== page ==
Intelligent, playful, and extremely curious, polar bears are estimated to have evolved from brown bears approximately 500,000 years ago. Over time, their colorings changed from brown to white, a form of camouflage to help them blend in seemingly with the Arctic’s stark white scenery. Polar bears also evolved the ability to eat massive amounts of fat, including loads of blubbery seals, without any blockage buildup around their heart or within their arteries. In fact, they can build up so much insulation that at least half of their overall weight is fat, without any risk of heart disease.
Polar bears have multiple layers of fur and fat for insulation, a regulatory system that keeps their body temperature at an average of 98.6 degrees Fahrenheit, typical for most warm-blooded mammals. They’re also terrific swimmers, with webbed toes and large paws that help propel them through the sea and an oil coat of fur that repels water. These paws also display rough surfaces of hairs and bumps, which provide plenty of traction while walking on ice.
By the time they’re adults (typically between the ages of 4 to 6 for females and 6 to 10 for men), they can weigh up to anywhere from 550 to 1,300 pounds, depending on their sex. Polar bears are also considered by many to be the largest bears on Earth, vying for top position with the Kodiak bears of southwest Alaska.
The Birth Cycle
Most mating occurs in the late spring and early summer and takes place upon the sea ice. However, female polar bears experience something called “delayed implantation,” meaning that the fertilized egg remains dormant for several months, and they don’t become fully pregnant until fall.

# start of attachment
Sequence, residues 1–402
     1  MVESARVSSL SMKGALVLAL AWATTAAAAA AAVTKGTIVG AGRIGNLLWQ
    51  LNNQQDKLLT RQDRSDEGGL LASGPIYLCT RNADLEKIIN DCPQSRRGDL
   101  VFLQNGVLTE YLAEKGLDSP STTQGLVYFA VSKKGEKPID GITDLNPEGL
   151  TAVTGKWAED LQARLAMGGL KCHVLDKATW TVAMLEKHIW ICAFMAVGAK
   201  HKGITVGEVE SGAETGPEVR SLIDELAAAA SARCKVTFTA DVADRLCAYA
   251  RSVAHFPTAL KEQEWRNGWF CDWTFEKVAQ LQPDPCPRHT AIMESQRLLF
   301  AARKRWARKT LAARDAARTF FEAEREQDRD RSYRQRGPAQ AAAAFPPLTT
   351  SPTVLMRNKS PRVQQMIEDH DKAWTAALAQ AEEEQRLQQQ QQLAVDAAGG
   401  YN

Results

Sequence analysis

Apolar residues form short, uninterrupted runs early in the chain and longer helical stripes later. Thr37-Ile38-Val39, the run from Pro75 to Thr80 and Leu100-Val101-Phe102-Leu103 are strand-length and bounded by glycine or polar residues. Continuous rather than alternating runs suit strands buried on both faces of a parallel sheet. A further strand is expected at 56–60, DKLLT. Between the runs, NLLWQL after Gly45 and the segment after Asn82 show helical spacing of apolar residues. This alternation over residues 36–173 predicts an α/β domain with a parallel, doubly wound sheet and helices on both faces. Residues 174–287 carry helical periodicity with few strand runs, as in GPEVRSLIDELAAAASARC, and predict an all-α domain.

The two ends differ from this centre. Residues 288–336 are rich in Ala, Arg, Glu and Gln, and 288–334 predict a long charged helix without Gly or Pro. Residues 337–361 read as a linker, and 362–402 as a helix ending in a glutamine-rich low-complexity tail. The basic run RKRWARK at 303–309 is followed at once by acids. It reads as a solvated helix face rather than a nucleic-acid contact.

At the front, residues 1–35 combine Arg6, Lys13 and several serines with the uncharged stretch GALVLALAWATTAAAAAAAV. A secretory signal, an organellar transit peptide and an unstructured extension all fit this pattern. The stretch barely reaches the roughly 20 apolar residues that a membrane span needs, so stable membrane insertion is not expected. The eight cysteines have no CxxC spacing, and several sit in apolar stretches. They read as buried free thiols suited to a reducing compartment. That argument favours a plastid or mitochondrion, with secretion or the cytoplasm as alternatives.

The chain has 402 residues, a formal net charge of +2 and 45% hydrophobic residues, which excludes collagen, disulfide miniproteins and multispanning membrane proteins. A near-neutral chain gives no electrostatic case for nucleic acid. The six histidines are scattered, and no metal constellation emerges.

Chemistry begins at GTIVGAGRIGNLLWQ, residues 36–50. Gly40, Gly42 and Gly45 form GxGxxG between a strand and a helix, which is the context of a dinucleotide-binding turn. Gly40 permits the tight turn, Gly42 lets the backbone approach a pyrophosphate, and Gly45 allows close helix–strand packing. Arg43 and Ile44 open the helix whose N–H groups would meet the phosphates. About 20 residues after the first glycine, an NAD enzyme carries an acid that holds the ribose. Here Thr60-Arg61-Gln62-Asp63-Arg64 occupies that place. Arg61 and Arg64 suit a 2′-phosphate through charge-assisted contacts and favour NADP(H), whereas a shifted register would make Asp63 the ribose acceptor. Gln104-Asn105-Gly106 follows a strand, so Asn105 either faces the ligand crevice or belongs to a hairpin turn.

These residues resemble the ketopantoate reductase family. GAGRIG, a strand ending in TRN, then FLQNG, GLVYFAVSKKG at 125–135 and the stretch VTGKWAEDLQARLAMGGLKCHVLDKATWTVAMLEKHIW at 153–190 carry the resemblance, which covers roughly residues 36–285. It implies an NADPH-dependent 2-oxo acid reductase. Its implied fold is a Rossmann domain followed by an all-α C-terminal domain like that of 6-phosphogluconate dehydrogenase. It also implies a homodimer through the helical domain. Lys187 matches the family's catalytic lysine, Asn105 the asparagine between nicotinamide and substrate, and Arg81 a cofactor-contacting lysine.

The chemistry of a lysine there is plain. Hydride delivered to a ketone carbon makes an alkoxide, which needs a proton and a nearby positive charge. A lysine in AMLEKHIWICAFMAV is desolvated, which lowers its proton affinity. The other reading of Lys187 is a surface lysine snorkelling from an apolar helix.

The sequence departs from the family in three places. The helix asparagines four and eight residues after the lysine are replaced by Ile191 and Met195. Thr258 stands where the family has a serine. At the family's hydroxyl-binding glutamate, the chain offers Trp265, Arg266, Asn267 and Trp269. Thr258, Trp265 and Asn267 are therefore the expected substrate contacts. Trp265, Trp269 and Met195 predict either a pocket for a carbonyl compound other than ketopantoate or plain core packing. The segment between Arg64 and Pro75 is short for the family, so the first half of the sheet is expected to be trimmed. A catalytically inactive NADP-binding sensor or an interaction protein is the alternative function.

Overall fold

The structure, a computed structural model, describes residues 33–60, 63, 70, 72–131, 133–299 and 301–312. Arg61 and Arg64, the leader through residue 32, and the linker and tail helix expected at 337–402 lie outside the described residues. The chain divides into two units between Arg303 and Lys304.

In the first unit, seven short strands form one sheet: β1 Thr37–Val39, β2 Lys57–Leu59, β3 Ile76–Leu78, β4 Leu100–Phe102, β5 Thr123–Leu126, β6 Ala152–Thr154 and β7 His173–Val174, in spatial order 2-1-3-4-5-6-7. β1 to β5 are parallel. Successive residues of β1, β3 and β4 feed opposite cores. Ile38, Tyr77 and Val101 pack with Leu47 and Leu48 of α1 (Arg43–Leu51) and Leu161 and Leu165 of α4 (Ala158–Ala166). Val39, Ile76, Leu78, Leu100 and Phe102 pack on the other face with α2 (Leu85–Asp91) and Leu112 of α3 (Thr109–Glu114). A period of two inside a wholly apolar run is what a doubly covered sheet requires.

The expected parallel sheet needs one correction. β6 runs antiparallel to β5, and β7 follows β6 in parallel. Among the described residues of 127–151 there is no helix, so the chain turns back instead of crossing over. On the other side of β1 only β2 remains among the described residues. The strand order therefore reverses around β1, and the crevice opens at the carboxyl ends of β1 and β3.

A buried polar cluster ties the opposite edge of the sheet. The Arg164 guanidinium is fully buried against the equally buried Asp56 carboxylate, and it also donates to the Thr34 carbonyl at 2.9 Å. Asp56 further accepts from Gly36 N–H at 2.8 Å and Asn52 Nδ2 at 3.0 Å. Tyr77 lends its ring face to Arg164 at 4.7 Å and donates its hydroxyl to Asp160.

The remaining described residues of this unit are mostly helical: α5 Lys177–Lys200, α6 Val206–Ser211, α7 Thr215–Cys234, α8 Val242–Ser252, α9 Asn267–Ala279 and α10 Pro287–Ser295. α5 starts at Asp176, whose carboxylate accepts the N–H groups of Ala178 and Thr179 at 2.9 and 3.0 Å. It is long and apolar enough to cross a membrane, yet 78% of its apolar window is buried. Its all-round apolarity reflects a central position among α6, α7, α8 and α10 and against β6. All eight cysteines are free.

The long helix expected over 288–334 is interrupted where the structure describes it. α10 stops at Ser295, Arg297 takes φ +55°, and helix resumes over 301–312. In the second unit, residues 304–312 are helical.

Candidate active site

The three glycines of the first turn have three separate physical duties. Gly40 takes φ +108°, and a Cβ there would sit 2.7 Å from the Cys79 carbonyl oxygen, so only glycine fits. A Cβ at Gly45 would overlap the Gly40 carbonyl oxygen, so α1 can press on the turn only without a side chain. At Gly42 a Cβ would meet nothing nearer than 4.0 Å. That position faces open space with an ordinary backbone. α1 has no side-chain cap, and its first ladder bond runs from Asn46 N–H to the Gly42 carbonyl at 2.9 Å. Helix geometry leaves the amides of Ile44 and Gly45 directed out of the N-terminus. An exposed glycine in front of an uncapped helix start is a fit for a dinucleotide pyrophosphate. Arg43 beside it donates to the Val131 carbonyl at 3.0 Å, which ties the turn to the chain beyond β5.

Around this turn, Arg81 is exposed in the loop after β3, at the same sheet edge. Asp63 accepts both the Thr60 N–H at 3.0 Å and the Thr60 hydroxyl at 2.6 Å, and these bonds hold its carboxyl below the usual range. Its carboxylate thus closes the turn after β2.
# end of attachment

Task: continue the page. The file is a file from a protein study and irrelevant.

During this time, female polar bears build up as much fat as possible, which they can later convert to energy for themselves and their soon-to-be young ones. Once ready, the bears build their dens into a snowdrift and crawl inside for the winter, typically giving birth to one-to-three cubs (with twins most likely) in December.
This denning time is actually the most vulnerable time in a polar bear’s life. Babies are born small, blind, and toothless, and the sows devote all their time and energy toward caring for them. It’s not until springtime that the group finally emerges, and the polar bear cubs are ready to start learning the tricks and trades of polar bear living.
For the next two-and-a-half to three years, the mama bear teaches her kids how to hunt seals, swim in the Arctic waters, and quite simply survive.
Seeing Polar Bears Up-Close
Disneynature’s Polar Bear provides an inside glimpse into the life of these magnificent creatures, which you can also see for yourself on Nat Hab’s small-group Classic Polar Bear Adventure. Limited to just 16 people, this incredible expedition brings its participants to the heart of polar bear action: Churchill, a northern frontier town on the shores of Hudson Bay in Canada’s Manitoba province. The area surrounding this small community is home to one of the largest concentrations of polar bears on the planet. There are thousands of them, in fact, earning Churchill the nickname “Polar Bear Capital of the World.” Nat Hab utilizes custom-built Polar Rovers, each with its own outdoor platform, to view polar bears up close in a way that’s both safe and non-invasive. It’s a perfect opportunity to honor the planet’s amazing offerings and get a first-hand look at these curious and amazing beings who need our help to endure.